Effects of Marriage on Workforce Participation

1. Work Hours

The average number of hours worked per year in the labor force differs by family structure. All three types of two-parent families with children under 18—intact-married families, stepfamilies, and cohabitants—put many more hours into the workplace, on average, than do the single-parent families. This observation may not seem all that profound, as two adults can work more hours than one. However, the always-intact family, which works slightly fewer hours in the workplace than the stepfamily, actually earns more; it works smarter and more efficiently. The time difference is due to the greater number of hours that the stepfamilies’ secondary-wage earner (normally the wife) works outside the home, relative to the secondary-wage earner of always-intact families. The fact that during one stage of her life, the stepmother was divorced and thus worked a regular workweek as the sole family provider may explain her longer hours in the workplace. A stepfamily mother, therefore, tends to report higher levels of labor-force participation than does the mother of an always-intact family.

2. The Marriage Premium

The “marriage premium” is the name economists give to the increase in husbands’ productivity and earnings caused by their entering marriage. One study claims that married men make, on average, almost 30 percent more than their non-married counterparts in hourly wages.1) In accord with this, a study which controlled for all factors, including genetics, puts the marriage premium at 26 percent.2) Marriage increases earnings for white men by approximately 24 percent and for black men by approximately 20 percent.3) Twice as many (32 percent) married fathers worked 45 hours or more per week in 1997, compared to cohabiting fathers (16 percent).4)

The chart below summarizes our findings in analyzing the Federal Reserve Board’s 2007 Survey of Consumer Finance on average hours worked by householders by family structure. Gary Becker in his Treatise on the Family 5) argues that working longer and more regularly incentivizes a worker to increase his productivity (to further reap income benefits); hence we have one synergistic path to the marriage premium, a significant strength that is missing in most of the other family structures.

Annual Hours Worked by Households with Children

This difference in earnings for men increases significantly as they age. Nobel Laureate George Akerlof found that young married men are more likely to be in the labor force, employed, and working a full-time job than their non-married counterparts.6) Twenty- to 24-year-old married men earn 11-14 percent more than single men their age.7) Married white men between 55 and 64 years old make 19.5 percent more than divorced, separated, and widowed men, and 32 percent more than all unattached men.8)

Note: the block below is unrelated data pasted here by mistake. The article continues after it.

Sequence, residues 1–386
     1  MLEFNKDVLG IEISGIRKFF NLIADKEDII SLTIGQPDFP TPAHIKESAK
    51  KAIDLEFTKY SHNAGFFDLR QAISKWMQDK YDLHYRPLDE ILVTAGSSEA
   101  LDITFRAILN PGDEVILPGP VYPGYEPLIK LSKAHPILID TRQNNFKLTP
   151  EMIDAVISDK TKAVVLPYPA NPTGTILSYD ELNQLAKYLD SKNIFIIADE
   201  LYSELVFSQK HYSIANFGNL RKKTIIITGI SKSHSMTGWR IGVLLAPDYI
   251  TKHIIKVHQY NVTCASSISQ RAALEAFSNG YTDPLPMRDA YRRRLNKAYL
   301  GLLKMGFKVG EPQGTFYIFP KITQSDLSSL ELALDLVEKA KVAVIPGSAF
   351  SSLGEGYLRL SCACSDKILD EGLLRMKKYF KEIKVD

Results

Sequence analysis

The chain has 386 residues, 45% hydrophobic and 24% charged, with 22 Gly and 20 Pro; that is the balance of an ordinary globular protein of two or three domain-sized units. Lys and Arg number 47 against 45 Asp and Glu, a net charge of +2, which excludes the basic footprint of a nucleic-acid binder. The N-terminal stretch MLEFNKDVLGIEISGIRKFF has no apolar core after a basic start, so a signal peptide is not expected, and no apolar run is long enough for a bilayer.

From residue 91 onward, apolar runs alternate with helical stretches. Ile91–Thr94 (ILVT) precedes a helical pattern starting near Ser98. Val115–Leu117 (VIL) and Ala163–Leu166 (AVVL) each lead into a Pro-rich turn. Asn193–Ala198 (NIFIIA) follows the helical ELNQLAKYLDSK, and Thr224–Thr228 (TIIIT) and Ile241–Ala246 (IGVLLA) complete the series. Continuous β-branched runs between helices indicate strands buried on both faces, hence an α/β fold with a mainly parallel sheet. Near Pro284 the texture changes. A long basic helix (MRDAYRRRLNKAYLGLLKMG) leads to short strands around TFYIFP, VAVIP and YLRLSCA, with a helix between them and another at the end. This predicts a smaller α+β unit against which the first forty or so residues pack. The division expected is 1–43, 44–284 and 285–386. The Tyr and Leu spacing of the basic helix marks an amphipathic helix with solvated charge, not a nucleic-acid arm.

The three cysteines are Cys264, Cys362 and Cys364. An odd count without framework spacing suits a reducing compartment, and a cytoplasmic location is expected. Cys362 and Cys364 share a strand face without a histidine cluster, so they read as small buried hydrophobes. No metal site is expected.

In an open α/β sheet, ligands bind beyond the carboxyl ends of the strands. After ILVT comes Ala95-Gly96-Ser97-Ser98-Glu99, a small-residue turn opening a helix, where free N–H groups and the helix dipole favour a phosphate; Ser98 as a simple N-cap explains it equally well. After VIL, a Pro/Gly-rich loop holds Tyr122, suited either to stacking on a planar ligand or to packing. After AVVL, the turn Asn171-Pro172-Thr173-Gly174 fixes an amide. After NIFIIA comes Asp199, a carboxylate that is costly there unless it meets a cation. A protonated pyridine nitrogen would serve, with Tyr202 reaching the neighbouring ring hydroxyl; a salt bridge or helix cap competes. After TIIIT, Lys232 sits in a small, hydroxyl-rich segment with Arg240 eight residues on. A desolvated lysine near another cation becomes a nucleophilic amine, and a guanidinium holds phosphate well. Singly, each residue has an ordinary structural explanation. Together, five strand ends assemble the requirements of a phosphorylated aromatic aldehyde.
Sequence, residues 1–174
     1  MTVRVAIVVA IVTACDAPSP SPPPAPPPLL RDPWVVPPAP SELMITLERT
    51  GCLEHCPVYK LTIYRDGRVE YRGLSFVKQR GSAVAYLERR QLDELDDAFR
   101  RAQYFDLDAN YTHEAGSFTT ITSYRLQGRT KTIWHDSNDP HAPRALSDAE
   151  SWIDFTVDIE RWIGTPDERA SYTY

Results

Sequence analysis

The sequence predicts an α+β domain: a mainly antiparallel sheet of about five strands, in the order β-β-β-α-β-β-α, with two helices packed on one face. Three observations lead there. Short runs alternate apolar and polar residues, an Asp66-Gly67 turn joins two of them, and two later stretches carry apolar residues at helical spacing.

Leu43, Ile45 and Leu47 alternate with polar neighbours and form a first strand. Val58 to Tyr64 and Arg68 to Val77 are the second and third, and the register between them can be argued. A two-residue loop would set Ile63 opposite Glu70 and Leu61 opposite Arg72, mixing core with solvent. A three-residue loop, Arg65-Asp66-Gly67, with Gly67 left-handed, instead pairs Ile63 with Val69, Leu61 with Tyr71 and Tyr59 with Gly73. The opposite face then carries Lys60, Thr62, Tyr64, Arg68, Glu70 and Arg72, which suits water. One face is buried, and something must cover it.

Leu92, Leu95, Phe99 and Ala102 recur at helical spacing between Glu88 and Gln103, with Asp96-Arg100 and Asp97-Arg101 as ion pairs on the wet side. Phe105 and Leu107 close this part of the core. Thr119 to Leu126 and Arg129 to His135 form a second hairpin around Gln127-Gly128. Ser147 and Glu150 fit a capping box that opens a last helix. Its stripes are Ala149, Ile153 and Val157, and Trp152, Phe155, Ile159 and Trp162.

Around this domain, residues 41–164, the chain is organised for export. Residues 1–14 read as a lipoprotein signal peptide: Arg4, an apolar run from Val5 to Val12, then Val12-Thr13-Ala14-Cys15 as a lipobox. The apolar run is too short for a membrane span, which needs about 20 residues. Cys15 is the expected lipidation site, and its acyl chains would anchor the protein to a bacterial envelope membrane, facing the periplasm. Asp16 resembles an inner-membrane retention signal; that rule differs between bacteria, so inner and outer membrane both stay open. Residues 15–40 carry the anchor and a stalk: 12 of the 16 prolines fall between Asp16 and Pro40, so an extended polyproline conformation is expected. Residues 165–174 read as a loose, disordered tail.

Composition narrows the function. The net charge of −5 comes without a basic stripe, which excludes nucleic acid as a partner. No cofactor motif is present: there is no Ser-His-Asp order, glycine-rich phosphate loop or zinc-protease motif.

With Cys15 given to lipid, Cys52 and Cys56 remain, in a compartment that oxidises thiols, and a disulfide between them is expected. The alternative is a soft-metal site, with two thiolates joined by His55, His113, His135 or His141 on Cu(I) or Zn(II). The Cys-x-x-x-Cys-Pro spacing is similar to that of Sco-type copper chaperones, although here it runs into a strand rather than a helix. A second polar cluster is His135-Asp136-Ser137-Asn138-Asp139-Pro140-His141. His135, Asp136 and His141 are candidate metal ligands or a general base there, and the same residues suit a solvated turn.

The marriage premium is a general economic phenomenon, and these results are not restricted to the United States. In South Africa, the marriage premium for men is 23 percent after controlling for education, occupation and industry categories.9) Between 1979 and 1986, married men in seven developed countries (Australia, France, United States, Germany, Israel, Luxembourg, and Switzerland) earned at least 20 percent more than unmarried or never-married men. Married men earned 10-20 percent more than unmarried or never-married men in the United Kingdom, Norway, the Netherlands, Italy, and Canada.10) The marriage premium does not hold at the same level in the stepfamily. Among married men with children, men in stepfamilies make about 15 percent less per hour than fathers in intact families.11)

Hyunbae Chun and Injae Lee, “Why do Married Men Earn More: Productivity or Marriage Selection?” Economic Inquiry 39, no. 2 (April 2001): 311.
Kate Antonovics and Robert Town, “Are All the Good Men Married? Uncovering the Sources of the Marital Wage Premium,” American Economic Review 94, no. 2 (2004): 317-321.
Philip N. Cohen, “Cohabitation and the Declining Marriage Premium for Men,” Work and Occupations 29, no. 3 (2002): 356.
B.V. Brown, “The Single-father Family: Demographic, Economic, and Public Transfer Use Characteristics,” Marriage and Family Review 29, (2000): 203-220.
Gary S. Becker, A Treatise on the Family (Boston: Harvard University Press, 1991).
6) , 7)
George A. Akerlof, “Men without Children,” The Economic Journal 108, no. 447 (March 1998): 296.
Robin Bartlett and Charles Callahan, “Wage Determination and Marital Status: Another Look,” Industrial Relations 23, no. 1 (1984): 93.
Daniela Casale, “The Male Marital Earnings Premium in the Context of Bridewealth Payments: Evidence from South Africa,” Economic Development and Cultural Change 58, no. 2 (2010): 219.
Robert F. Schoeni, “Marital Status and Earnings in Developed Countries,” Journal of Population Economics 8, no. 4 (November 1995): 357.
Naoko Akashi-Ronquest, “The Impact of Biological Preferences on Parental Investments in Children and Step-children,” Review of Economics of the Household 7, no. 1 (2009): 73.

This entry draws heavily from Marriage and Economic Well Being: The Economy Rises or Falls with Marriage, The Family GDP: How Marriage and Fertility Drive the Economy, and How Broken Families Rob Children of their Chance for Future Prosperity.